Eric: So, we'll have a picture of this amazing figure 2 that you included in this JAGS article of older adults and their outcomes. Both survival in returning home, surviving and discharging to a nursing home versus dying in the hospital. Which is broken down to 65 to 74-year-olds, all the way to greater than 90-year-olds. And it's a really impressive graph. What was it, 30…33% of all comers, older adults died ... Wait, what was the statistic? Do you remember?

Kei: Yes, that's correct. It's 33% when you take all comers coming into the emergency department, who are all intubated in the emergency department.

Alex: 33% died before discharge. So, did not survive the hospitalization.

Kei: Yes, that's correct.

Alex: And among people who are older than 90, that number is much higher, it's 50%.

Eric: Yeah and in that group, it's even more impressive, looking at this graph. It's 50% died of the greater than 90-year-olds, 36% survived but were discharged to a nursing home, and only 14% survived and returned home after that index hospitalization. Now, we have no data what happens right after the hospital, right? Is there any way to get that?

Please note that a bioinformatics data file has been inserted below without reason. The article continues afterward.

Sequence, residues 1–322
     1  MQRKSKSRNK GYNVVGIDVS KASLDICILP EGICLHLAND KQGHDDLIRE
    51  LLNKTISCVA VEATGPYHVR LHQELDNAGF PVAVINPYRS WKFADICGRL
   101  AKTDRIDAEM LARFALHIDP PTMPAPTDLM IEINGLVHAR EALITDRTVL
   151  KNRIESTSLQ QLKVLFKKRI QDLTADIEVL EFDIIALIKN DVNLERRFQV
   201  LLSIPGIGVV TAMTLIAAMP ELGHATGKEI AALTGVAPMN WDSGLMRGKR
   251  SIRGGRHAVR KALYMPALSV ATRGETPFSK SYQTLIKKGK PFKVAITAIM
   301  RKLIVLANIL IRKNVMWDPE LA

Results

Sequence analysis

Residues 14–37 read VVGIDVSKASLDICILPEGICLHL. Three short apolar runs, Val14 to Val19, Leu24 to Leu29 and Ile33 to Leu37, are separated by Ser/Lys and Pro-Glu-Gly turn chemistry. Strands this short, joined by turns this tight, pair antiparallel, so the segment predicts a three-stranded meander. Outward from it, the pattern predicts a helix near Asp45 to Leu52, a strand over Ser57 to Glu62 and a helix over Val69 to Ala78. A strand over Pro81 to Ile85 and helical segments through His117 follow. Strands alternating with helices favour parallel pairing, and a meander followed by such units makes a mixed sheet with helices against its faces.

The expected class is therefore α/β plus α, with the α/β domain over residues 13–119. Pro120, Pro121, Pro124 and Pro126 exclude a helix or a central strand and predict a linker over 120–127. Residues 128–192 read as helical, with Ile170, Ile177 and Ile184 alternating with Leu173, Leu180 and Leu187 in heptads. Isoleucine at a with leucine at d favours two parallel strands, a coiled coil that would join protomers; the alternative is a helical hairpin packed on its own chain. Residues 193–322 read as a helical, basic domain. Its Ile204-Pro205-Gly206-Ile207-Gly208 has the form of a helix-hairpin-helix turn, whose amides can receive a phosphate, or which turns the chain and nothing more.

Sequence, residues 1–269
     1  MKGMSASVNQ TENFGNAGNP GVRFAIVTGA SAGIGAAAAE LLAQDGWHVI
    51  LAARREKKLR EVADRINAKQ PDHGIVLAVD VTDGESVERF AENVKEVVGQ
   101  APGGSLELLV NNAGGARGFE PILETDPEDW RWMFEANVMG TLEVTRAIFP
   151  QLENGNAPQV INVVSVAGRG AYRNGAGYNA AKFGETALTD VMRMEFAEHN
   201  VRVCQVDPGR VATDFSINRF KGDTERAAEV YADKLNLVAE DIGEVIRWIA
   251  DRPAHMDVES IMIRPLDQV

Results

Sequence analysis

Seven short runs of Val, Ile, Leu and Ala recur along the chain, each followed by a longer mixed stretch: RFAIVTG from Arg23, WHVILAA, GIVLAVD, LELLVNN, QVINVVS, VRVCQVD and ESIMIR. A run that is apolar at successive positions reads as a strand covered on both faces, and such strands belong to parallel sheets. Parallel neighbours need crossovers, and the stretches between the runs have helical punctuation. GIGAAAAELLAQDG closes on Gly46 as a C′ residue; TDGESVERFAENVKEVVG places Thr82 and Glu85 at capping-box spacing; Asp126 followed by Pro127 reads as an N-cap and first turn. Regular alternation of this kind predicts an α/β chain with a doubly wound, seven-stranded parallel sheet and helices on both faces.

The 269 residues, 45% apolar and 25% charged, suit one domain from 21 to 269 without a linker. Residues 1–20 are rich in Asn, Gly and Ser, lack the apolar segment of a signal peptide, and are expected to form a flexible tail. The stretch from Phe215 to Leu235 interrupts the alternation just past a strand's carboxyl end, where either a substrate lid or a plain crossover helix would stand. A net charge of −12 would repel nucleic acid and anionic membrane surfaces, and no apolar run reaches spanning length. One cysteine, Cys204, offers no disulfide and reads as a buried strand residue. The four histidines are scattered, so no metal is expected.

Kei: I have really thought a lot about this because the most interesting information is actually what happens to the patients after they leave the hospital, right? So, what is that quality of life like? And things like that. Which is really, it's certainly not in this dataset. I think it has to be merged with Medicare dataset and some other dataset to come up with that, which is going to be hard.

Eric: Yeah, because when I think about like having these discussions with people in the emergency room. You know, going to a skilled nursing facility is generally not the big decision point, it's not ever being able to return back home. So it would be really valuable to know, of these individuals who went to the skilled nursing facility, how many were actually able to return home? I'm guessing it's incredibly small.

Kei: I really want to learn more about that. But unfortunately, I haven't had an opportunity to work with the dataset that has all that information yet. I think as clinicians we all know, anecdotally, what happens to some of these patients that we're taking care of. But as a whole big picture, it's still slightly unclear.

Alex: Now, other than age, were there other factors that helped you identify patients who are at greater risk of dying before leaving the hospital?